Stranded sea lions? Blame toxic algae.

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Algae isn’t just the green goo in your fish tank. Toxic algal blooms in the Pacific Ocean, largely due to human activity, could explain why hundreds of California sea lions are stranded every year.

Researchers have observed that domoic acid, which is produced by these algal blooms, has neurotoxic effects on marine animals, including California sea lions. Sea lions that have been chronically exposed to domoic acid often exhibit seizures and unusual movement patterns. Scientists suspect this acid causes brain lesions and damage the sea lions’ hippocampus -- a brain region critical for memory and navigation. As sea lions are natural foragers, they rely heavily on spatial memory for survival. As a result, domoic acid could be severely inhibiting the animals’ ability to feed and survive in the wild.

To test this theory, researchers from Emory University, UC Davis, and UC Santa Cruz (among others) decided to conduct several experimental memory tasks on wild California sea lions – observing both a healthy group of sea lions and a group with suspected domoic acid toxicosis. They hypothesized that comparing the memory performance and brain structure to both acid-exposed and healthy sea lions could give insight into how domoic acid is altering their brains and behavior.

In the first task, a sea lion was placed in a T-shaped maze where a fish “reward” would be presented alternately from the left and right. The sea lions had to learn the pattern, remember which arm had yielded fish in the previous trial, and go to the opposite arm. In a test of longer-term memory, the sea lions performed the same task, but this time, there was a seven-second delay between trials. This required the sea lions to not only learn the pattern but to remember it during the pause.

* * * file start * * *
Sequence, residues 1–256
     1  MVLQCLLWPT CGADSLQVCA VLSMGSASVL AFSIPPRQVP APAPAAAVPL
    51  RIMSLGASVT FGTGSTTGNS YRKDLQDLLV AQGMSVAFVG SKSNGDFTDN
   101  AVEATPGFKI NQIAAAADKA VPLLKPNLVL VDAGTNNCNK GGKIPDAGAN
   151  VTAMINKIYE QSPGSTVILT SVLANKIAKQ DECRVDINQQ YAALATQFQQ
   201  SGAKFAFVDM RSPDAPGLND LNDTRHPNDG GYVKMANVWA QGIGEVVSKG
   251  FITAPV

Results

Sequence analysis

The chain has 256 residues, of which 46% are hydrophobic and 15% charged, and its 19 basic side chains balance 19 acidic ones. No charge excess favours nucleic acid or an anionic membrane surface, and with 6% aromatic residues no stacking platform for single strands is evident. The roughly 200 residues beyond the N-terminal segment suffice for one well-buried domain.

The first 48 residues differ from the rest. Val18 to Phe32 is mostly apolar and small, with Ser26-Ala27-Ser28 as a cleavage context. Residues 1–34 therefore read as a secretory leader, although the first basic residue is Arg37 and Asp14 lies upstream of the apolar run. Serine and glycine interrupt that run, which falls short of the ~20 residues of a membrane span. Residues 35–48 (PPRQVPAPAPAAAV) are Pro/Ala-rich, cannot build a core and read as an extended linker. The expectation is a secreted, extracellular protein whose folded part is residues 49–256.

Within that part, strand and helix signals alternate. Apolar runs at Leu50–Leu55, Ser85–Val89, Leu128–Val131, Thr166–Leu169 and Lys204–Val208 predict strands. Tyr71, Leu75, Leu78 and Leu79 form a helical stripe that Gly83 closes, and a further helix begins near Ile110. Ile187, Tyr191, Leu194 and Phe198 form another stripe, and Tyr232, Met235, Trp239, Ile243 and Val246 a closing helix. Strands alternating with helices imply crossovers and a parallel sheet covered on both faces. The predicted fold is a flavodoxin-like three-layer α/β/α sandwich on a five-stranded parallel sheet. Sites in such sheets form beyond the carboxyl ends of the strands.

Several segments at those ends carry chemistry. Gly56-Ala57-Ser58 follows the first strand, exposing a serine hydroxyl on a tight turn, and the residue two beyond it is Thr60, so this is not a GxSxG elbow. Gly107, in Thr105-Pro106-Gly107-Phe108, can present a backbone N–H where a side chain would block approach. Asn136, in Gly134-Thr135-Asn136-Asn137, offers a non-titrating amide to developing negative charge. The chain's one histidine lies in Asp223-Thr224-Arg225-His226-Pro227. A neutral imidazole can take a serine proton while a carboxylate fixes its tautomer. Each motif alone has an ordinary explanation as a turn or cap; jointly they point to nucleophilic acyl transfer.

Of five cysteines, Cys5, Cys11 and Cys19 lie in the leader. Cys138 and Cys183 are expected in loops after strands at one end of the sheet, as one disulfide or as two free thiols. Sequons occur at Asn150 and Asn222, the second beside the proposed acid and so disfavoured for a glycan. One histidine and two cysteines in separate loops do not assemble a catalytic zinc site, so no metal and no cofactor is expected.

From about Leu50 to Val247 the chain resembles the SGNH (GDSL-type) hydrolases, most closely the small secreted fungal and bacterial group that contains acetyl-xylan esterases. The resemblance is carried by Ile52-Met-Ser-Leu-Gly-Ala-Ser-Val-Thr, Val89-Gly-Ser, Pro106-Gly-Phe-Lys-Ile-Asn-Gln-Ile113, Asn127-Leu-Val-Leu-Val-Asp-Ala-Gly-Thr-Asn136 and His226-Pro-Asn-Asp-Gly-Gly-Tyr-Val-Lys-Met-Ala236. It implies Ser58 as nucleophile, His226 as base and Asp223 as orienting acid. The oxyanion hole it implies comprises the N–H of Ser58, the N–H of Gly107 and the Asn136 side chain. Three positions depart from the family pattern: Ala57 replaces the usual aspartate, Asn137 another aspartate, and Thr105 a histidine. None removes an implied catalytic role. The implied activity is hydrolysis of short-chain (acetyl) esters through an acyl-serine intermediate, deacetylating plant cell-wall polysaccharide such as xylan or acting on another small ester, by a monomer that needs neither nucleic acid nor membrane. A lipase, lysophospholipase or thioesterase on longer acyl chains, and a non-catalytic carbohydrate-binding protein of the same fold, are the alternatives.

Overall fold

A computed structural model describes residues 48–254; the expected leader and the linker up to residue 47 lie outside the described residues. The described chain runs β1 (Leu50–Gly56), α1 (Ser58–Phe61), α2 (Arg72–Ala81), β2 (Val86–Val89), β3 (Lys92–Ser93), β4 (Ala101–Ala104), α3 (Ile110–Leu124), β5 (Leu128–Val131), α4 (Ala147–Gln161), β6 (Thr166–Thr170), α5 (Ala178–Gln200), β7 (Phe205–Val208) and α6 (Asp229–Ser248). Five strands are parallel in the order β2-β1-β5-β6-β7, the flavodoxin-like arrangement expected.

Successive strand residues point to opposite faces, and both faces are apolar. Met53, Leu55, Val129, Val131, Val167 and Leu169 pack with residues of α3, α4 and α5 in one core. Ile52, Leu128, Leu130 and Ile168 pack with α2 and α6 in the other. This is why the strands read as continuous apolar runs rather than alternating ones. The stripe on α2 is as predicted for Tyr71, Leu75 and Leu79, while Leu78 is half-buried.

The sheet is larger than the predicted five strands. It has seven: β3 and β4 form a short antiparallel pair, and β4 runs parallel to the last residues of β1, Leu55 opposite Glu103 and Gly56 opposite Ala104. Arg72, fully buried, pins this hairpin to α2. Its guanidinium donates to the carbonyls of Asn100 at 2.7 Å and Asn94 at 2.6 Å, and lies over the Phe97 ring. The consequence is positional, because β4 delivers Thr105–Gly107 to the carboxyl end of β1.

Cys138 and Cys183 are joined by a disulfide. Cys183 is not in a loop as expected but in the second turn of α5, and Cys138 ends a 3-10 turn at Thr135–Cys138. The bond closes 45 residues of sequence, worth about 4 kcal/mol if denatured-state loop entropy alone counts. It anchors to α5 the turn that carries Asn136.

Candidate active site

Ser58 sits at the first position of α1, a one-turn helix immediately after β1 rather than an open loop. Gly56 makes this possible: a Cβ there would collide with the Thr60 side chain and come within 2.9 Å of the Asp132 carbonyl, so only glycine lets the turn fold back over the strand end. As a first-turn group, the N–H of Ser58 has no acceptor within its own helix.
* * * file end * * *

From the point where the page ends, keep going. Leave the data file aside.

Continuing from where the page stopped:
In a second task, animals had to learn and remember which of four buckets contained food. All four bucket locations, as well as which bucket contained food, remained constant over a 10-12 day period. The animals simply had to navigate toward the correct bucket.

Across all the tasks performance was measured by the number of correct responses. Both the healthy and acid-exposed sea lions then underwent brain magnetic resonance imaging (MRI) in order to assess the size of the hippocampus. The researchers found a direct correlation between hippocampal volume and memory performance: sea lions with a larger right hippocampus performed better on the tasks while animals with a smaller right hippocampus performed worse.

Previous research provides strong evidence that exposure to domoic acid causes brain lesions in sea lions. And in other animals, lesions like these are shown to have severe effects on behavior. Here, researchers were able to show for the first time that the severity of lesions related to domoic acid exposure was correlated with specific memory deficits in California sea lions. 

These findings demonstrate compelling evidence that exposure to domoic acid may affect sea lions’ brain function and lead to severe memory impairments. For wild foragers, impairments like these could severely affect their ability to navigate and secure food. By comparing sea lions exposed to domoic acid to healthy specimens, scientists have come closer to understanding just how critically algal blooms are impacting wildlife.

These results have important implications for the future survival of California sea lions, and may play a critical role in future diagnostic and rehabilitation efforts for toxin-exposed wildlife.

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